With the growth of the Internet and of English as the common language of science, you’d think there would be no need to learn another language to be the best possible physician. However, two very important reasons motivated me to learn other languages. First, access to new scientific knowledge that is available solely in foreign languages, and second, the ability to communicate directly with patients and their families.
In 2003, I learned French in order to read the original texts and scientific papers of my French colleagues. These colleagues are known for their skill in treating patellofemoral disorders, but the scientific work on which it was based had not been fully translated into English. In 2005, after studying French for several years, I traveled to France to work with them. I returned with a much better understanding of their approach. My French colleagues and I still collaborate and as a result of my efforts to communicate their ideas in English, I’ve been able to make an important contribution to patellofemoral treatments in the English-speaking world.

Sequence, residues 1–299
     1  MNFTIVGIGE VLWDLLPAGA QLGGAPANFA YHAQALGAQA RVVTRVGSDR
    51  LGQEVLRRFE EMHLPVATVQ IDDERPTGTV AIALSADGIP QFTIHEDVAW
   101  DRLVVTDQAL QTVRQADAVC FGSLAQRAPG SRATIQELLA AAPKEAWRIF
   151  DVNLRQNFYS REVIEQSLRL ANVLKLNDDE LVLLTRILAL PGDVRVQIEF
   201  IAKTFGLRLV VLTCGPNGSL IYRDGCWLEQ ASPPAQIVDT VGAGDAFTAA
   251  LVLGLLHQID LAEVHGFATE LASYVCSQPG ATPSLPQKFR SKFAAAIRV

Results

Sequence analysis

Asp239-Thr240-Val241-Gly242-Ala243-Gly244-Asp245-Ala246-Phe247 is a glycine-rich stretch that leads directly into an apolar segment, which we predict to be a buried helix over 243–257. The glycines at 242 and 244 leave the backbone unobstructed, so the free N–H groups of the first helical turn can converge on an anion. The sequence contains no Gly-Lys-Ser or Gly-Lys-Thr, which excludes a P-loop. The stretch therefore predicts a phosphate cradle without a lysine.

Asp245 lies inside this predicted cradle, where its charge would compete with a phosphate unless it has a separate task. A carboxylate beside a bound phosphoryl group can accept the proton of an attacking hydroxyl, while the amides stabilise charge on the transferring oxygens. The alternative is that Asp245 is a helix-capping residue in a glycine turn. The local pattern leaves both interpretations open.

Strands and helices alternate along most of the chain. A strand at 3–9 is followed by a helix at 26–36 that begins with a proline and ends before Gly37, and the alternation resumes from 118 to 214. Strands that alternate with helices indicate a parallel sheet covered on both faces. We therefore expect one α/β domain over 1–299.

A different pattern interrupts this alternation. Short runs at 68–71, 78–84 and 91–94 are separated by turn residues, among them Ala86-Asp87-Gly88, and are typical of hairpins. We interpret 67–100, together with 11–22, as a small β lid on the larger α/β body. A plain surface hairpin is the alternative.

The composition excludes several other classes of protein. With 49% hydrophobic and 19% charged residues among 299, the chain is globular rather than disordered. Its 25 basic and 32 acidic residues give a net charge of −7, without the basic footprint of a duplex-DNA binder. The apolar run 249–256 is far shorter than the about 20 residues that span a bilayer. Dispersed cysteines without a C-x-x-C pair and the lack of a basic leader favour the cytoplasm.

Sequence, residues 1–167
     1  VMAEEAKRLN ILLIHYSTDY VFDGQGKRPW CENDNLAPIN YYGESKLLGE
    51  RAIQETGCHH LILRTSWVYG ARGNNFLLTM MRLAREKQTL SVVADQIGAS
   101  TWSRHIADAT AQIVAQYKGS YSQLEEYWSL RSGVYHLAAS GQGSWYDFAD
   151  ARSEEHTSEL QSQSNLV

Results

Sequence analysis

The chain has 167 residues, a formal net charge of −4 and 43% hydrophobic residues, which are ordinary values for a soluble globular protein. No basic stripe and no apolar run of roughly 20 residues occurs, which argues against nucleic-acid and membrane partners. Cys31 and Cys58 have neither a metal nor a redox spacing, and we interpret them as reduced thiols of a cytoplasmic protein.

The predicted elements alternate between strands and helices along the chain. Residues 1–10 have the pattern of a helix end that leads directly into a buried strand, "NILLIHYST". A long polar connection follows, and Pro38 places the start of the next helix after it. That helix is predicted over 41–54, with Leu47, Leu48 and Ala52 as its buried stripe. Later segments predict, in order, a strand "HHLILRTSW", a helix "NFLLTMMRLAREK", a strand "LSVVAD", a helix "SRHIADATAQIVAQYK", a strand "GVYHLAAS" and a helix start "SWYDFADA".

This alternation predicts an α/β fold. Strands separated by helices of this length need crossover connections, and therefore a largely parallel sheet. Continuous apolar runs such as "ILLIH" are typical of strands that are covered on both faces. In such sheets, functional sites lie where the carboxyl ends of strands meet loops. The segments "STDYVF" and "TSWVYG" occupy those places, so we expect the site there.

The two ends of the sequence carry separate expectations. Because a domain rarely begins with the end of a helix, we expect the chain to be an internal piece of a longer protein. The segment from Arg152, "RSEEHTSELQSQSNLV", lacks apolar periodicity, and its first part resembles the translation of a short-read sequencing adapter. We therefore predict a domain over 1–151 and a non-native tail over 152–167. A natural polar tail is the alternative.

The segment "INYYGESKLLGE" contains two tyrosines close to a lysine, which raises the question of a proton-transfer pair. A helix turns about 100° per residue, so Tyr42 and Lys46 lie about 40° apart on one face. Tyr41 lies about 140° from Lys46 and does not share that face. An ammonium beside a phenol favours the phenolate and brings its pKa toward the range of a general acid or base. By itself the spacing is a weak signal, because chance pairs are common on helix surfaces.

I learned Spanish for a much simpler reason: to communicate directly with patients and their families in order to understand what they need from me, and to counsel them about what I think is the best course of action for us to take. This is difficult to do if you don’t speak a common language, even with translators.
In 2008, I saw a 12 year old girl whose parents spoke no English. She spoke English perfectly, but she didn’t understand why her parents had brought her in to see me. Through an interpreter, I learned that they were concerned because she was limping. She had no pain and seemed unaware that she limped, but in fact, she did have a slight limp on exam. I quickly realized that my inability to communicate directly with her parents might mean we’d have to do a lot of extra tests to make a diagnosis. In the end, all went well with this patient, but the experience gave me the motivation I needed to become fluent in Spanish.
Traveling to other parts of the world has opened my eyes to approaches I would never have thought up on my own. Orthopedic disorders may be similar throughout the world, but the tools surgeons use to treat them and the environment in which orthopedists work can vary widely. Working in a clinic or an operating room where familiar problems are solved in unusual ways is fascinating and inspiring. These experiences have influenced my own practice immeasurably.